Gustavus has a strong language program, offering majors or minors in Swedish, French, Spanish, German, Japanese and Russian and, recently, Chinese. Study abroad participation is traditionally high at Gustavus, partially due to shorter options available during January Interim Experience or summer programs and a strong Center for International & Cultural Education presence on campus. Studying abroad is an effective way to solidify language learning, but opportunities are also available on the Gustavus campus.
The Culpeper Language Center, located on the lower level of Vickner Hall, is quickly becoming a central location where students can integrate a degree of immersion into their domestic study of languages.
The center offers a large array of resources for those studying languages, including print materials such as books, magazines and board games as well as technological resources such as webcams, headsets, video cameras, Bamboo tablets, audio, video, document and image editing software and language specific software. Also available are meeting and video-viewing rooms and DVDs and VHSs. Language tutors for all Gustavus-offered languages are available in the center during scheduled tutoring times.
“Many students don’t see learning a foreign language as important,” Director of the Culpeper Language Center and Adjunct Instructor in Spanish Jeremy Robinson said. “One of the reasons I wanted to go into language is because of the reputation of Americans that we are interested in ourselves and not other [countries]. If we want to be respectful to other countries, it’s important that we learn about them,” he said.
“The importance of language learning is not just an issue of respect,” Robinson said. “It can give students a professional advantage when looking for jobs, help in landing service positions and make traveling easier. Additionally, most language students find personal enjoyment in the activity. To see the world in a new way is something amazing,” he said.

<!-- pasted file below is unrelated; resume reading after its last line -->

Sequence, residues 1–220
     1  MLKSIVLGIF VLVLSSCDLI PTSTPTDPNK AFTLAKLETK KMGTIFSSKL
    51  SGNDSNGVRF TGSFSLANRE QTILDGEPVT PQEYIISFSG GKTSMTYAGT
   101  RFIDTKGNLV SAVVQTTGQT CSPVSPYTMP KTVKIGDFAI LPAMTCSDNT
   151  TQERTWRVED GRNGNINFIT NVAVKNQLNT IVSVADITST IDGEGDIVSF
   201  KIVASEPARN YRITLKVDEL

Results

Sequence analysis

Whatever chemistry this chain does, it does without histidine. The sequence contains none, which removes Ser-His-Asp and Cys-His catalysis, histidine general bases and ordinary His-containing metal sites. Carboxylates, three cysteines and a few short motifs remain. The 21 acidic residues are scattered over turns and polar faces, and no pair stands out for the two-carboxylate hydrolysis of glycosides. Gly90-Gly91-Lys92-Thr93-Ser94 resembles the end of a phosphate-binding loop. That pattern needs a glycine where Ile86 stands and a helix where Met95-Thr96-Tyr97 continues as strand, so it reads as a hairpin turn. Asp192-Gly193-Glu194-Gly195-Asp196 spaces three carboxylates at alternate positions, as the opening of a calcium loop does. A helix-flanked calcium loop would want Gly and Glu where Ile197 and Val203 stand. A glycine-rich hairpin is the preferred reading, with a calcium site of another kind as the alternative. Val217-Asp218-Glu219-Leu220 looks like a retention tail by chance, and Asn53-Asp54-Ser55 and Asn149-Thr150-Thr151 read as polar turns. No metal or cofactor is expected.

“Only learning the grammatical structure and vocabulary of a language is like learning how a car is made … that is way different from driving a car,” Robinson said.
“We want to help students use their language in an active way,” he said. The center attempts to engage students in their chosen language through the many resources available, and Robinson is continually developing new concepts. He hopes to use the webcams and microphones to pair Gustavus language students with students around the world for language exchanges, and a mud run is in the works for spring 2012.
“Students here love physical activity, so this outreach will combine physical activity with language,” Robinson said.
The mud run will be a race with physical as well as foreign language obstacles to add an untraditional twist.
Culpeper also sponsors contests to explore culture and languages through creative endeavors. Their most recent, the art contest, ended Monday, Nov. 14 and voting is open to the campus community on the Culpeper website until Monday, Nov. 21. The annual film contest begins Dec. 12, 2011. Students can enter a three to five minute video re-enacting or creating a fairy tale in a language other than English. Last year’s winning videos are available on the Culpeper website.
The Culpeper staff has been hosting workshops since last year, as well. Student workers teach the workshops and, though they all relate to foreign languages, they cover a large variety of topics. The most popular have been Foreign Language Board Games, Power of Presentation, Axing Foreign Language Anxiety and Using ANKI to Remember Vocabulary.
“We got our choice of which topic to do for the workshops,” Cheenou Her, junior account major and Culpeper employee said. He taught a workshop about using video games to learn foreign languages earlier this semester and another about marketing languages.
Holly Hoffman, senior psychology major, has worked at Culpeper for all four of her years at Gustavus. “This year, Jeremy has been trying to get more integration,” she said, and sees the workshops as part of that. “It’s fun to pick my own topic and I learned a lot myself from researching.”
Brittany Rogness, sophomore communication studies and management major, has taught “Psychological Benefits of a Language” and “Seeing Things from the Perspective of the Language Teacher” this year. The students teach two classes each semester. “We get to repeat and improve the presentations throughout the year,” Rogness said.
With a wide array of media, education and interaction available, Culpeper is becoming a central language resource on campus.
There are five remaining workshops this semester. Attendees are asked to RSVP on the Culpeper website.